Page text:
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Apple Forecasts Growth For Mac, iPad Due To Remote Work And Education

Work-from-home and distance learning are expected to drive year-over-year improvement in the two categories during the current quarter, CEO Tim Cook said.

While Apple notably avoided getting specific on its business outlook, the company on Thursday touted its Mac and iPad product lines as sources as growth going forward as the COVID-19 crisis continues.

"We believe that iPad and Mac are going to improve on a year-over-year basis during this quarter--and that's [from] customers that are either taking online education, or working remotely," Apple CEO Tim Cook said Thursday during the company's quarterly call with analysts.

[Related: Apple Debuts New iPad Pro, MacBook Air With Improved Keyboards]

The current quarter--Apple's third fiscal quarter, which runs through the end of June--is the first full quarter of sales for new products including refreshed versions of the MacBook Air laptop and iPad Pro 2-in-1 tablet.

Apple did not provide specific guidance for its fiscal Q3 due to "the lack of visibility and certainty in the near term," Cook said. Apple's stock price dropped 2.4 percent, to $286.82 a share, in after-hours trading Thursday.

Revenue for the iPhone is expected to drop during the current quarter, on a year-over-year basis, even as the Mac and iPad businesses are expected to grow, Apple CFO Luca Maestri said during the earnings call Thursday.

Apple has seen "outstanding customer response" for its latest product introductions including the refreshed MacBook Air and iPad Pro, Maestri said.

When asked by an analyst whether Apple sees opportunities for new revenue streams in the wake of the coronavirus pandemic, Cook again cited the increase in working and learning remotely. "I think we have significant solutions and products for all of those groups," he said.

On Thursday, Apple reported results from its second quarter of fiscal 2020, ended March 28.

While all three of Apple's traditional hardware categories saw declines during the quarter, the Mac saw the lowest drop of the three with revenue slipping 2.9 percent year-over-year, to $5.35 billion.

At Kinetic Technology Group, a Mac-focused MSP based in Dallas, "we did see a two-week rush on needing laptops," said CEO Jim Harryman. "The demand was definitely high because of the shift in people working remotely."

Offering Apple notebooks during the transition to work-from-home has been advantageous because of the strong security that Macs bring by default, Harryman noted. Many businesses worry about employees using potentially insecure home networks, but that's less of a concern for businesses that focus on Macs, he said.

Mac is "still a vastly superior platform from a security perspective," Harryman said.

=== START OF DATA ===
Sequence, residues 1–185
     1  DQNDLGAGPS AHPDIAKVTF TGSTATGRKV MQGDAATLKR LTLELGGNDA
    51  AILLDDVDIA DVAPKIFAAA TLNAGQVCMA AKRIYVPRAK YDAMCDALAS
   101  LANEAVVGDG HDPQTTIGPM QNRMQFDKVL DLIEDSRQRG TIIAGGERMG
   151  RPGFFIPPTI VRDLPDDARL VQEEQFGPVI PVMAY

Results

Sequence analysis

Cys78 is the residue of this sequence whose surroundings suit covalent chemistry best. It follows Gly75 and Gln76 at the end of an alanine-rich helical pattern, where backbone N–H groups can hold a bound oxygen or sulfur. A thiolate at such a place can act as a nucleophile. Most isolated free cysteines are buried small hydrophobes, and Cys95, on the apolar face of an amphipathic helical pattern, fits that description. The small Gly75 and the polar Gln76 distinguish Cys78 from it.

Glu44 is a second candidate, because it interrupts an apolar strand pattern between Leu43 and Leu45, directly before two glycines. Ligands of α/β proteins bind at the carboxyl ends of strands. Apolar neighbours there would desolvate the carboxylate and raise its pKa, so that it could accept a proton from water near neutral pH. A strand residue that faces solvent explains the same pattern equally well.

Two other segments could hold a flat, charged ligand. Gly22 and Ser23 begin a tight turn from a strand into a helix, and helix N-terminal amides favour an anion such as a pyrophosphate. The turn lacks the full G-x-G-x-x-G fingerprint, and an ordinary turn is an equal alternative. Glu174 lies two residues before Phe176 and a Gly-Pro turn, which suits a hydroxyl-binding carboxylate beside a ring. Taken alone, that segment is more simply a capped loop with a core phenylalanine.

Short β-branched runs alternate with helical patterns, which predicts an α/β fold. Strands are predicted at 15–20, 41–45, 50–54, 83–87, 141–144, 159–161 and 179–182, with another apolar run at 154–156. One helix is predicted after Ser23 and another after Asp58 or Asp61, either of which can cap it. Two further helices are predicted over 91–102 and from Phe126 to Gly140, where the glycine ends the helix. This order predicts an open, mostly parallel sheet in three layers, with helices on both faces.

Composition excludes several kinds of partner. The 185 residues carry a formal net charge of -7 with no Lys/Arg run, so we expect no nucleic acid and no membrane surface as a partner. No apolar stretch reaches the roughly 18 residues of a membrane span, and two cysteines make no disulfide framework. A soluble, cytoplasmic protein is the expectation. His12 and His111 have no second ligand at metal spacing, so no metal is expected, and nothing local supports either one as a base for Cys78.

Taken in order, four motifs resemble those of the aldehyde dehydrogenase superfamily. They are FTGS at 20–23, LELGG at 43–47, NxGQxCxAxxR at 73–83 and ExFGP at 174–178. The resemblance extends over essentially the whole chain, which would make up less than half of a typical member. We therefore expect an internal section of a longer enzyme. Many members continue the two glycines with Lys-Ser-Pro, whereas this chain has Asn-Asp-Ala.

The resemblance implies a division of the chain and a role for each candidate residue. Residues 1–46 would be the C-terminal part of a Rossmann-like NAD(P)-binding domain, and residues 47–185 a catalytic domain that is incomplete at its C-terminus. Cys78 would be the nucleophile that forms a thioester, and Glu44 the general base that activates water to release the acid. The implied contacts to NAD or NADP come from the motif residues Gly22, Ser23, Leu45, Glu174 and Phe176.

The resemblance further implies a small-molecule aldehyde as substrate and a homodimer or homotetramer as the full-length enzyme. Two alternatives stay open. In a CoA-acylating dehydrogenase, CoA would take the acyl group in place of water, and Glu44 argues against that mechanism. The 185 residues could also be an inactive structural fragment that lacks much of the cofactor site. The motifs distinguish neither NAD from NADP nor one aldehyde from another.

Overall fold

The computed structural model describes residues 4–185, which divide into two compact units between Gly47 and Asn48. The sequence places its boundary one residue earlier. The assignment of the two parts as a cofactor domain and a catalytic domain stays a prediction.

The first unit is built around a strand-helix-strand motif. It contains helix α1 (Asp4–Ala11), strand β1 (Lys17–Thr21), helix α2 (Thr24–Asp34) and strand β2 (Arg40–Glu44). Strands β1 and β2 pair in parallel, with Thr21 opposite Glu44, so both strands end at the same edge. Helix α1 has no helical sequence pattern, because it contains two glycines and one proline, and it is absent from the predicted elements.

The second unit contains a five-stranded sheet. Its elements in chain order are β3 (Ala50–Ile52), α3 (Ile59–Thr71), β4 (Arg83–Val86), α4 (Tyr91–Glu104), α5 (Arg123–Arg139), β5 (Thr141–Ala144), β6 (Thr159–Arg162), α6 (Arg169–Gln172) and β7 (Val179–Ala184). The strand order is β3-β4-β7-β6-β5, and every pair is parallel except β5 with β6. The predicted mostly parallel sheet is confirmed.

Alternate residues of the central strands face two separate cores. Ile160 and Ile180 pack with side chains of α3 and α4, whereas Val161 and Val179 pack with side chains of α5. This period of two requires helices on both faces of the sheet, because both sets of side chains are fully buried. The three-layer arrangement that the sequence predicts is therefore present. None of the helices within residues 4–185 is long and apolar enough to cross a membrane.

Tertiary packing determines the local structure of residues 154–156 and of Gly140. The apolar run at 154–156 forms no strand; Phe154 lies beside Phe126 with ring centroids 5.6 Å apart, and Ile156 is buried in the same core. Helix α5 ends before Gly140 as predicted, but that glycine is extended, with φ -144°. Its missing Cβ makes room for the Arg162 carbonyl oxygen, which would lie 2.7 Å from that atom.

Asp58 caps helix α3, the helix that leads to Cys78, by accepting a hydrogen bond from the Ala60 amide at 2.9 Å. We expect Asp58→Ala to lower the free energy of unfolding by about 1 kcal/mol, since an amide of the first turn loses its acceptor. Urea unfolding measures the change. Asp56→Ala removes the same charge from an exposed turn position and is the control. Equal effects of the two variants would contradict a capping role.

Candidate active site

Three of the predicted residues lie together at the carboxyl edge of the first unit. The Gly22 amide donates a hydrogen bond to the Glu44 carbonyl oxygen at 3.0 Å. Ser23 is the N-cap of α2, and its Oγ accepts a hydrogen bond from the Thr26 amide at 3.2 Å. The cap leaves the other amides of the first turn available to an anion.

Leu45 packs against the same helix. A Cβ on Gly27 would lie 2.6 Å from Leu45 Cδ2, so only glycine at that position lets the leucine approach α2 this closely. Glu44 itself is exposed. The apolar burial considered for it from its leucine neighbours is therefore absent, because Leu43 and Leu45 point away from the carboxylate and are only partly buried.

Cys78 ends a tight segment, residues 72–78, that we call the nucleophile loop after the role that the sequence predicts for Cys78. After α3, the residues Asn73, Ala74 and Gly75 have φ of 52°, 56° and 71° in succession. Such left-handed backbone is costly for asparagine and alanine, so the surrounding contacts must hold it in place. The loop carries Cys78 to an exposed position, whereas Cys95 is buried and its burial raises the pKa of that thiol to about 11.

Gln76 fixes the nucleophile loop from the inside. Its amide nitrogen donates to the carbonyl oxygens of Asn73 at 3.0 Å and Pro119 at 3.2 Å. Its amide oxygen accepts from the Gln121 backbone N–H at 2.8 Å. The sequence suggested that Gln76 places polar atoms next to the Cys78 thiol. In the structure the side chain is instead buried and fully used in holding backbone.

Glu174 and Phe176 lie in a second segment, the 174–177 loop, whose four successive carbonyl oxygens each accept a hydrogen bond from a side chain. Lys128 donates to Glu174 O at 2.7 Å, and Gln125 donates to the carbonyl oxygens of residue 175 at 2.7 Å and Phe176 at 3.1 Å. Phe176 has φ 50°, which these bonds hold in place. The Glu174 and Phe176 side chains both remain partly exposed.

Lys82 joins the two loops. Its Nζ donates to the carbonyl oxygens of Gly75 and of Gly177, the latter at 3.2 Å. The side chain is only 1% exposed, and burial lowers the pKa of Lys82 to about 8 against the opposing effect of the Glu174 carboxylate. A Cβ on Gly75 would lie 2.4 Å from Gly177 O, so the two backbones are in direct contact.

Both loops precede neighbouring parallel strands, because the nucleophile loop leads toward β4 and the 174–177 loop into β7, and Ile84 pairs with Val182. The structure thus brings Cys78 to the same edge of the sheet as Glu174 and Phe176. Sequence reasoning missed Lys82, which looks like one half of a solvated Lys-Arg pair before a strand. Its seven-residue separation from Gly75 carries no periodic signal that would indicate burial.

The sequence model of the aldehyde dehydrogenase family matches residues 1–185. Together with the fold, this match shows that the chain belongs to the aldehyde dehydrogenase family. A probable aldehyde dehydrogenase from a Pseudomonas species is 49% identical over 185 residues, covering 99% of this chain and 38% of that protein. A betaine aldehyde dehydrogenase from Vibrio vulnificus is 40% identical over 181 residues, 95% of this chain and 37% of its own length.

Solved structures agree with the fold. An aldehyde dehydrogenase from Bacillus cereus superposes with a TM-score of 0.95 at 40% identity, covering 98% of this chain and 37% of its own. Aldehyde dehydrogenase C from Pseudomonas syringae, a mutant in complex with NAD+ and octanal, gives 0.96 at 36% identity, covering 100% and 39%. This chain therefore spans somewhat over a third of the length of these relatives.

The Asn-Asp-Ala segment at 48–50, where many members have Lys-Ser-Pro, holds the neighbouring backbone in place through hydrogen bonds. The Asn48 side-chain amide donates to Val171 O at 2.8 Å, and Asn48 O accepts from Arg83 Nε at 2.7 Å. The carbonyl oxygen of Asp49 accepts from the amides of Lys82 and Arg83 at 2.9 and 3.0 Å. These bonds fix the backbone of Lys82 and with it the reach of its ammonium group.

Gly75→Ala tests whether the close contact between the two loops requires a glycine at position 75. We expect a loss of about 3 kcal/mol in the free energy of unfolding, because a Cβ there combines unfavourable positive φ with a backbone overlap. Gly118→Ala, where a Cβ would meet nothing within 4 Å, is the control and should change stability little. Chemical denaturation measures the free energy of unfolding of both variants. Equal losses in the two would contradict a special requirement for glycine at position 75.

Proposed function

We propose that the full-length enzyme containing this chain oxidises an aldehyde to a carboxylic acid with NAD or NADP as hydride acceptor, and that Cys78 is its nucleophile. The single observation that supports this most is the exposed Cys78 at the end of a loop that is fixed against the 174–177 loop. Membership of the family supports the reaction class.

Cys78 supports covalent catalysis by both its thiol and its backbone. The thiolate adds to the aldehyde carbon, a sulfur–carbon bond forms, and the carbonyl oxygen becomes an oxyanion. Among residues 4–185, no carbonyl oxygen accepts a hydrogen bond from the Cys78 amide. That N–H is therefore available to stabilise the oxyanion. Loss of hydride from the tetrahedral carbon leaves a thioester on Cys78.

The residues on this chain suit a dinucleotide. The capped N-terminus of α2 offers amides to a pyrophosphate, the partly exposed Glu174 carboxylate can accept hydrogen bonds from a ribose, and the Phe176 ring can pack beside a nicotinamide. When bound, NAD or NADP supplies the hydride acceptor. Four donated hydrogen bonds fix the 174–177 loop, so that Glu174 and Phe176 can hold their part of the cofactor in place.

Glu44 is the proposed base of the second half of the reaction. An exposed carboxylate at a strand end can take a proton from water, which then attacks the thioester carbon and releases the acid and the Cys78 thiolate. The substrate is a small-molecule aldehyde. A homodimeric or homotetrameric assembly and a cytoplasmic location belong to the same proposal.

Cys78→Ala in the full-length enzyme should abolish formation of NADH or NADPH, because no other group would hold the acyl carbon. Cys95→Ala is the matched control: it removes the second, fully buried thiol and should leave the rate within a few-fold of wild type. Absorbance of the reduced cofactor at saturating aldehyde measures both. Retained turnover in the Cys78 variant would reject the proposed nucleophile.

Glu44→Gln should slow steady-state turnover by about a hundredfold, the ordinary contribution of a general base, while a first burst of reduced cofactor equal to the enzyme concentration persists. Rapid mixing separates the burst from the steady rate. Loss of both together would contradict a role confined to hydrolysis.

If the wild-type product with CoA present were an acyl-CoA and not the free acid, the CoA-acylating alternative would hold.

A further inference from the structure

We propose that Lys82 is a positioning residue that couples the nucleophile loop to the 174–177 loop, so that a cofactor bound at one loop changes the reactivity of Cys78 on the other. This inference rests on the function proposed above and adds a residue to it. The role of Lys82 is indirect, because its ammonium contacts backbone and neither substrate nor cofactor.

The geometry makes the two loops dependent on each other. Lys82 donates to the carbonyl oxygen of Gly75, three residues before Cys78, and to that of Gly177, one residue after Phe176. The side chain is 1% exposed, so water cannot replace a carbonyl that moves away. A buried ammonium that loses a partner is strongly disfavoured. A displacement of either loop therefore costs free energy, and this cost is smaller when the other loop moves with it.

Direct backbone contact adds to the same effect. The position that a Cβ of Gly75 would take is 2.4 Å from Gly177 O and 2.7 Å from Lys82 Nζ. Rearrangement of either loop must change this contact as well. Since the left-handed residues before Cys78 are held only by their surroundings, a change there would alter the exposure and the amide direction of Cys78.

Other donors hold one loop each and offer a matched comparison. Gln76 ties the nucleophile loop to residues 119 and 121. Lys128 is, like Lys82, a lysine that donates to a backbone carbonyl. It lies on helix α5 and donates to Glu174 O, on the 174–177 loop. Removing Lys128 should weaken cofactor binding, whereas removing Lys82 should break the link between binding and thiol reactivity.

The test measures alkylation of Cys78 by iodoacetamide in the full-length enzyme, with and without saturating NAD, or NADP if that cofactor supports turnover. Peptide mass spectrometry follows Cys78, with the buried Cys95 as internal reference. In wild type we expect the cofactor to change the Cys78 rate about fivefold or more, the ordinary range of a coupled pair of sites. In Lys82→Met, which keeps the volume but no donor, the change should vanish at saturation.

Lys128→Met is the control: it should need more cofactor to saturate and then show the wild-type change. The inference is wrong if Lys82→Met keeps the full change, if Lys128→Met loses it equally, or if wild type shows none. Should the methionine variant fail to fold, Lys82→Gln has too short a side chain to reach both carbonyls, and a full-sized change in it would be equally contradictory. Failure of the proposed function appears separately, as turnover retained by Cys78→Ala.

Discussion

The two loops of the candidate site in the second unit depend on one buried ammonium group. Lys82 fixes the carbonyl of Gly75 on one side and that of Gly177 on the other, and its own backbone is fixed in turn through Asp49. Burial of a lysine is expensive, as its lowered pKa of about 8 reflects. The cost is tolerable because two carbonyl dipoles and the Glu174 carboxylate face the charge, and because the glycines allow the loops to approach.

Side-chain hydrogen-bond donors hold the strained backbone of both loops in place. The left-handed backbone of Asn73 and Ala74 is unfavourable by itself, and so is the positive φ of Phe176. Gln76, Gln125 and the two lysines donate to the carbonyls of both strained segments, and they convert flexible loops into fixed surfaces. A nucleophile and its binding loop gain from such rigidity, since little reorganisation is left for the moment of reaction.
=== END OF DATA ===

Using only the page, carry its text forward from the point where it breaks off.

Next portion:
For Apple's fiscal second quarter, total revenue saw slight growth--coming in at $58.31 billion, compared to $58.02 billion during the same period a year earlier.

Revenue for iPhone fell 6.7 percent to $28.96 billion during the quarter, while iPad sales dropped 10.2 percent to $4.37 billion.

Cook said that Apple has begun to see improvements in all of its hardware categories during the second half of April, though--including in iPhone, following the launch of a refreshed iPhone SE model on April 24.

"Part of [the April improvement] is due to our new products. A part of it is due to the stimulus programs taking effect in April," Cook said. "And then a part of it is probably the consumer behavior of knowing this is going to go on for a little while longer, and [customers] getting some devices and so forth lined up to work at home more."

For Kinetic Technology Group, customers have also appreciated that Apple has begun to offer higher RAM configurations in its Mac notebook line, including with the 16-inch MacBook Pro. The notebook can include 32 GB or 64 GB of RAM on higher-end configurations.

That's a "pretty great advancement on the Apple side, from my perspective. It's good for a lot of our pro users and designers that are really wanting to be more mobile, and not have to be tied to a high-powered workstation at their desk," Harryman said.

While Apple's three traditional hardware businesses fell during the company's fiscal Q2, the company’s Wearables, Home and Accessories category--including products such as AirPods and the Apple Watch--jumped 22.4 percent to reach $6.28 billion in revenue. That marked record for the March quarter, the Cupertino, Calif.-based company said.

Services, meanwhile, achieved all-time record quarterly revenue for Apple by climbing 16.5 percent to $13.35 billion, buoyed by growth in services such as the App Store and Apple Music, company executives said.

On profits, Apple's fiscal second quarter saw net income of $11.25 billion, or earnings of $2.55 per diluted share. That was compared to $11.56 billion, earnings of $2.46 per diluted share, during the same quarter a year ago.

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